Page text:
Article 1041 of Iran's Civil code states that “Marriage is forbidden before the age of majority. Marriage for girls before reaching age 13 and for boys before turning 15 is only allowed by the guardian's permission, with the interests of the subject in mind and by the ruling of a competent court.”

"Unfortunately, laws and regulations in Iran do not address the intellectual, psychological and physical maturity of girls and only the father's consent is considered preferable,” Shademani added.

Early marriage is associated with a range of devastating consequences for child brides; girls who start a family before the age of 18 have a higher risk of maternal mortality, infant death or pregnancy-related complications.

The babies of young married girls are at higher risk of being underweight and premature. They are also more likely to suffer from malnutrition and stunting throughout childhood.

"Pregnancy under the age of 18 carry extra health risks to the mother as her body is still growing, and pregnancy may lead to stunted growth," Farzaneh Zarean, obstetrician-gynecologists, said regarding the risks of teenage pregnancy.

"The possibility of pregnancy preeclampsia and premature birth increases in teenage mothers. Pregnant teens need vitamins and minerals, especially calcium supplements. Bone accrual won’t be completed before 18, so the pregnant teenagers may suffer from osteoporosis," she added.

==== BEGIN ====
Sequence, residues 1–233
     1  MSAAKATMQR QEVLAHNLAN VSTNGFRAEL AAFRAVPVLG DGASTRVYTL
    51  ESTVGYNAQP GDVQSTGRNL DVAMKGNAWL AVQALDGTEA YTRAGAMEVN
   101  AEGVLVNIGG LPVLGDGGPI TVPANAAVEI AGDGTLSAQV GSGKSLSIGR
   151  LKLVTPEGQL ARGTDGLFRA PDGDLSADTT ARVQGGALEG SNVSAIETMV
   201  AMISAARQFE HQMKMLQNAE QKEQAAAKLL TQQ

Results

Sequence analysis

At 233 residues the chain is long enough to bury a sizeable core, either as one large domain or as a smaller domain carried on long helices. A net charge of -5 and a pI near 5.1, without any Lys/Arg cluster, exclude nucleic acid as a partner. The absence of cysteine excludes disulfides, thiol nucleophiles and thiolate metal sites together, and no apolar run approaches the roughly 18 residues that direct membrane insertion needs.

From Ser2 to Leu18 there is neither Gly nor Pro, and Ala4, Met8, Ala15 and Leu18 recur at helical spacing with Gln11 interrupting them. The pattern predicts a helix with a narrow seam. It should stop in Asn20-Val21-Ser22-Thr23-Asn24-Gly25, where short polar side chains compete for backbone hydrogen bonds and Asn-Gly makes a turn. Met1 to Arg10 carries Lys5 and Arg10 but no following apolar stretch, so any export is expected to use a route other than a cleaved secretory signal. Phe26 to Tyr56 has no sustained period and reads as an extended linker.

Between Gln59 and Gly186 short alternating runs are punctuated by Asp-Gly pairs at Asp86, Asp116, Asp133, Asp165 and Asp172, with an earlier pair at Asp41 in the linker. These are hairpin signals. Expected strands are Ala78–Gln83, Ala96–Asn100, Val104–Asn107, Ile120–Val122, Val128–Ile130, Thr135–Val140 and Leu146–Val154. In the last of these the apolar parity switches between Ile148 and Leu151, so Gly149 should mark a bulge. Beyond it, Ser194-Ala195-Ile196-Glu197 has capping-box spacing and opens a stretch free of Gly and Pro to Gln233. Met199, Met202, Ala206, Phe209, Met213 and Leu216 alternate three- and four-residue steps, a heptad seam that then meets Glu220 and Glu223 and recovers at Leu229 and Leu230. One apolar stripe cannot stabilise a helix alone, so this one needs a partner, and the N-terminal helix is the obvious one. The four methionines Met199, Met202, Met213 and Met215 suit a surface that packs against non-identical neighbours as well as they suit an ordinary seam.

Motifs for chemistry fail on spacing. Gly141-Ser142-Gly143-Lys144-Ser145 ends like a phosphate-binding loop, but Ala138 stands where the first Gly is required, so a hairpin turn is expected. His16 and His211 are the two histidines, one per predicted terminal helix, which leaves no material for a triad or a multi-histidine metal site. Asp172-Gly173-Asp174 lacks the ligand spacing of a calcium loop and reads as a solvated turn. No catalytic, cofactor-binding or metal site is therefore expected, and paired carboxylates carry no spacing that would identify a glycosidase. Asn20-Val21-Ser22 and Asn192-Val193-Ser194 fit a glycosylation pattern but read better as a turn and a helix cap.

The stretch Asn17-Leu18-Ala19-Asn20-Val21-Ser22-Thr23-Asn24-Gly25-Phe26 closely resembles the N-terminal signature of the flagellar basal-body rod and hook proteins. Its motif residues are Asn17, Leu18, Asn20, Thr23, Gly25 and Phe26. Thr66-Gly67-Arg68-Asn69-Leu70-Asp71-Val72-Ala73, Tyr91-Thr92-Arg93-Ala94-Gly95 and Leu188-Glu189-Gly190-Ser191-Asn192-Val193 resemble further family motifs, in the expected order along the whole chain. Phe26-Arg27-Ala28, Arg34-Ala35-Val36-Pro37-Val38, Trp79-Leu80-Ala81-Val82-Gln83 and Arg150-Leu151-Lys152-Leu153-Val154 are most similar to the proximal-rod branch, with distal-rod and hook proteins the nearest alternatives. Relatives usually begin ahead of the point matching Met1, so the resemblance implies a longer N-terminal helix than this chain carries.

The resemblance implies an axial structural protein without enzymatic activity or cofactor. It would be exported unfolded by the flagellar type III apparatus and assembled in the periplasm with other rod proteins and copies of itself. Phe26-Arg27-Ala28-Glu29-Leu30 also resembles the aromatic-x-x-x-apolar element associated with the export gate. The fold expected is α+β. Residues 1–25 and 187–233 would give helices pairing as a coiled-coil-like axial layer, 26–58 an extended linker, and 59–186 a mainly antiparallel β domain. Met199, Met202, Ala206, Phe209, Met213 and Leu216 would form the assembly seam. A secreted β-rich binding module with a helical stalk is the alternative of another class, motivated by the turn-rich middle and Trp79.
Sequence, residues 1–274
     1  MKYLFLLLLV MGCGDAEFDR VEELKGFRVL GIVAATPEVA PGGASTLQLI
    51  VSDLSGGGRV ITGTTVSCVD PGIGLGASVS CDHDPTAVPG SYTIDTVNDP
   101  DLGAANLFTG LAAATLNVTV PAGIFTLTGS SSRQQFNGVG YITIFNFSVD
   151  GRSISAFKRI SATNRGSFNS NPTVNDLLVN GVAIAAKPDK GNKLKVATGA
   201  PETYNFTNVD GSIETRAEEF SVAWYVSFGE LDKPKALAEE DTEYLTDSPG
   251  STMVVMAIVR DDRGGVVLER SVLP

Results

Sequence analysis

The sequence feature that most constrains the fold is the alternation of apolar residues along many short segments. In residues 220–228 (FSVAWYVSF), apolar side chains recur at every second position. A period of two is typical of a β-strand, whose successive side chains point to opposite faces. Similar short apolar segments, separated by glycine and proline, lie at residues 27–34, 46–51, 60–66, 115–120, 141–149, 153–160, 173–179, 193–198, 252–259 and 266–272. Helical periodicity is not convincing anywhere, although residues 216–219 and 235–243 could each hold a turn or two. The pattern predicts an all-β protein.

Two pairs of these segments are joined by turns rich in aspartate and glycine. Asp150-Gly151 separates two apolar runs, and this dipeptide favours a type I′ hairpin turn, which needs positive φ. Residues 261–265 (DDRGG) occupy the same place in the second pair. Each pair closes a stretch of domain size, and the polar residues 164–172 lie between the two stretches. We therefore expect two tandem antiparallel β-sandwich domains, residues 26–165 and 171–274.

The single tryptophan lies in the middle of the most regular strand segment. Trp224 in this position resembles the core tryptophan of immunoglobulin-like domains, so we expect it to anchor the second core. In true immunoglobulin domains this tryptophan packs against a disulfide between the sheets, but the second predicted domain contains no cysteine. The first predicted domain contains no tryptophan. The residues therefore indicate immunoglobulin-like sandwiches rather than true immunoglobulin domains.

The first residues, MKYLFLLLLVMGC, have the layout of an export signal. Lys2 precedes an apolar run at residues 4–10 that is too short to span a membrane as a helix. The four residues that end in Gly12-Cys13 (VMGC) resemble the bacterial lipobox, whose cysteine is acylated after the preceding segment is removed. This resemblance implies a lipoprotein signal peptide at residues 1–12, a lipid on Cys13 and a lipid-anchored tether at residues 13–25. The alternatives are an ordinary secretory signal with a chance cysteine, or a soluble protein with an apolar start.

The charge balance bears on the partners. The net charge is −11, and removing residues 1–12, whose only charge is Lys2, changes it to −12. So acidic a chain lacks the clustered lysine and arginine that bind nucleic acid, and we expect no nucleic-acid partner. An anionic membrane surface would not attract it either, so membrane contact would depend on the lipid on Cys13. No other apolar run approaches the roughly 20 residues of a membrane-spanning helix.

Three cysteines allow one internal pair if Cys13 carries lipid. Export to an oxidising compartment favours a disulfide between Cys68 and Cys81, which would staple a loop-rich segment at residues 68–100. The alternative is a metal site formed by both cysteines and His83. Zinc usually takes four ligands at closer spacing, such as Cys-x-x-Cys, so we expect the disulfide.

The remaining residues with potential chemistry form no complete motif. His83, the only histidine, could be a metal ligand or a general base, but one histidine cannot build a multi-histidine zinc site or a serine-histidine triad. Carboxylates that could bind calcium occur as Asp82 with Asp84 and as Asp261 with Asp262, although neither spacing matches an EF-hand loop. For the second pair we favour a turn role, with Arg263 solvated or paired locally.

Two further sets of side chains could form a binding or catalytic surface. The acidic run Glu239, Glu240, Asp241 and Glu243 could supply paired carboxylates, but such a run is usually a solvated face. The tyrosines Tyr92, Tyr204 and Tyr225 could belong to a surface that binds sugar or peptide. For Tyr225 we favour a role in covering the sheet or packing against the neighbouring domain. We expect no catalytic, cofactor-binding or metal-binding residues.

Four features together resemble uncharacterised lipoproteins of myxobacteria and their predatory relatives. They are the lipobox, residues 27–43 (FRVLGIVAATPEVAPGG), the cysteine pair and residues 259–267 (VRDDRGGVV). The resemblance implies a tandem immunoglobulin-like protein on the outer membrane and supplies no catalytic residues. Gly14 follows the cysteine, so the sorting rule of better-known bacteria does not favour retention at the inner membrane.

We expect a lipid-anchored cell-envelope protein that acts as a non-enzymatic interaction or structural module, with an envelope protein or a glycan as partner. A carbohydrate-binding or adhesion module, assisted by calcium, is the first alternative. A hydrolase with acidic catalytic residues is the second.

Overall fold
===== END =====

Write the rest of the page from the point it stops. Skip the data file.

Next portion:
Child marriage considerably damages girls' social wellbeing, ending their education, putting them at risk of early pregnancy and its many complications, increasing their risk of rape and gender-based violence, psychological trauma and social alienation. It also entangles girls, and their families, in an intergenerational cycle of poverty.

“Suicidal ideation, prostitution, illicit relationship and addiction are some of the social fallouts of early marriage which can destroy the future of a child," Amanollah Gharayi Moghadami, a sociologist told IMNA on early marriage.

 Early Marriage; Death Sentence for Young Girls

"Child marriage in Iran remains a cultural phenomenon that involves rural population traditions practiced in a local society; Sistan and Baluchistan, South Khorasan, Khuzestan and Kurdistan are Iranian provinces in which early marriages are being reported more," he continued.

"In child marriage, more often than not, a younger girl is married to an older man. It is a kind of sexual exploitation carried out as a substitute for money to offset debts; this is the worst type of psychological and sexual harassment imposed to girls," Gharayi Moghadami stressed.

International Human Rights Organizations and anti-discrimination institutions draw attention to ending child marriage through legislation. They also call for heavy sentences against contravention of the law and violence against women.

Inform and educate parents about the devastating consequences of early marriage could influence their false attitudes and beliefs. Some parents are not conscious of the disastrous sequel of forced marriage. Many marry off their daughters simply because early marriage is the single option they know.

Setting a national policy for the integration of women in economic, social, cultural and political development approaches would bring positive outcomes. Providing employment opportunities for deprived families, especially in rural and distant areas, is a clever solution to reduce poverty and inequality.

Encouraging girls to attend schools and empowering them will benefit entire communities. Creating strategic initiatives and launching programs promoting functional literacy will help people in developing countries understand the dangers of practicing wrong traditions like child marriage.

News Code 409889